Copeland Furniture!

Not only is their furniture high-quality, but they also make sure every step of the manufacturing process is done right. Copeland Furniture, a family-owned business based in Vermont for over 30 years, is one that sticks to Vermont’s preservation values and takes pride in the quality of the environment and natural beauty that surrounds them. I had the opportunity to interview Ben Copeland of Copeland furniture to ask a few more in depth questions.

1. You started as a one-man operation in an old garage in East Corinth, Vermont. What would you say helped you to grow to be the state-of-the-art manufacturing facility that you are today?

What I can say for certain is that we didn’t have in mind where we are today when the company was founded in 1975. At that time we were making apple cider presses for a garden supply catalog. That business was soon expanded to include butcher block tool benches manufactured for the same catalog. This was in the late 1970’s as butcher block furniture was becoming popular. Spotting an opportunity we transitioned into the home furnishings market with a series of dining sets and kitchen utility carts. Probably the single most important catalyst, however, in our embrace of state-of-the-art technology was a factory fire in 1983 that burned our entire operation to the ground. It’s not often that companies are given the opportunity to reinvent themselves from the ground up but that’s just what happened to us at the precise point in history when CNC (computer numeric controlled) machining was becoming common. That fire and the subsequent process of rebuilding established a progressive corporate culture that extends beyond our use of technology and also includes facets such as lean manufacturing, contemporary design, sustainability and workers’ safety.

2. What is a common hobby in Vermont that we might be surprised to hear about?

I’ll give a lateral answer here and describe a hobby that’s not so much surprising as it is so stereo-typically Vermont that one might doubt it actually happens. If you live in Vermont and own a parcel of land with a stand of Maple trees (which probably describes the majority of the state), chances are you’re tapping those trees every spring and boiling your own maple syrup. It’s an activity that conforms so thoroughly to people’s idealized notions about the state that most visitors think it can’t possibly be true.


That’s really neat! I can only imagine the taste of fresh maple syrup and the satisfaction that comes with making your very own. I read that you heat your building completely from wood waste from your manufacturing operation. That’s super impressive. Can you tell us more about how that came about?

Well the process involved a capital investment in some fairly unique equipment but, in all honesty, making that investment was a no-brainer. Heating a large factory building in the middle of a Vermont winter is no joke. That statement alone is self-evident however when you consider that a typical finishing line needs to exhaust enough heated air to fill the entire factory many times over every single hour, it becomes apparent that heating is an issue to be taken very seriously. Considering that we produce more than enough fuel, in the form of sawdust and wood scraps to perform the task, the financial implications are inescapable. That this dovetails so well with environmental considerations is definitely a positive, however in this case, the financial benefits alone are unavoidable.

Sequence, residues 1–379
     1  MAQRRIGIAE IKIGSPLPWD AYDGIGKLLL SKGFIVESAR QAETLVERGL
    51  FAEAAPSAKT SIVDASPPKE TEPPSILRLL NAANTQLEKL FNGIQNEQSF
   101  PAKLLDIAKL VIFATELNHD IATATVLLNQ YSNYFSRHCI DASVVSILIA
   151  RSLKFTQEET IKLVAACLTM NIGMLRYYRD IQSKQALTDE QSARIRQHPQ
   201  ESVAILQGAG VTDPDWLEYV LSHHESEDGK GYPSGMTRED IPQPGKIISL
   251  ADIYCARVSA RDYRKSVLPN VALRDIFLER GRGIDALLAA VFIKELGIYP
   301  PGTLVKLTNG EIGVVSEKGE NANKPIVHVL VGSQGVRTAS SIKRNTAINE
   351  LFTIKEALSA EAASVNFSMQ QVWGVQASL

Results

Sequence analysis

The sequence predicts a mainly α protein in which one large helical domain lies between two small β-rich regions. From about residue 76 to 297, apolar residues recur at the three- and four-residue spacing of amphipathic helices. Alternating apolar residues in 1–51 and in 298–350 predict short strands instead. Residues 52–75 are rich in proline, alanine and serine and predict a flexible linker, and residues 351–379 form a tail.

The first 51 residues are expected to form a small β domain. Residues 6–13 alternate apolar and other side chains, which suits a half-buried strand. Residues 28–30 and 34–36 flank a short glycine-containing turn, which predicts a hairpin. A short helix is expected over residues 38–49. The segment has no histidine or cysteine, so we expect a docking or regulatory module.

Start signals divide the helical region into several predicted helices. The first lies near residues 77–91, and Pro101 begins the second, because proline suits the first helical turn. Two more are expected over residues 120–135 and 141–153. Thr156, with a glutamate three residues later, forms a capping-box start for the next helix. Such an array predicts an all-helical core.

Do you have any advice for how to be more green in our everyday lives, besides making smarter furniture purchases?

While I don’t limit it to furniture, I do think consumer purchasing habits are the single most important area of influence most of us have. That said, I think many miss the real point regarding their purchases. In terms of sustainability, I think the single most important issue is quality. Even the greenest products in the world have some measurable environmental footprint and if it’s a low quality product that requires frequent replacement, then that footprint compounds every time the product is replaced. On the other hand, high quality products designed to last a lifetime are by definition green products. Where consumer behaviors are concerned this means making fewer purchases as quality inherently costs more, however those purchases will tend to be more meaningful, more personally rewarding and, as an added benefit, will result in a less cluttered living environment (another example of how sustainability naturally dovetails with any number of peripheral benefits).

What exciting new product can we be on the lookout for?

Well we have a constant pipeline of product development and while I don’t want to be too specific just prior to our main industry trade show, I will say that we are developing some groups that emphasize lighter wood tones. The cyclical nature of fashion is well known and where modern/contemporary furniture is concerned, we are in the midst of a wave of interest in American black walnut. This was preceded by a period where dark wenge/espresso finishes were popular and that was preceded by a period where cherry was popular. However, leading edge design aficionados are always looking for the next big thing and this year’s ICFF (International Contemporary Furniture Fair) in New York was dominated by light colored, open pored wood (species such as Elm, Ash and white Oak). Our immediate development efforts are responsive to this trend.




White Oak

A special thank you to Ben Copeland for taking the time to interview with us! Check out our Copeland Furniture selection to see more of their great designs!

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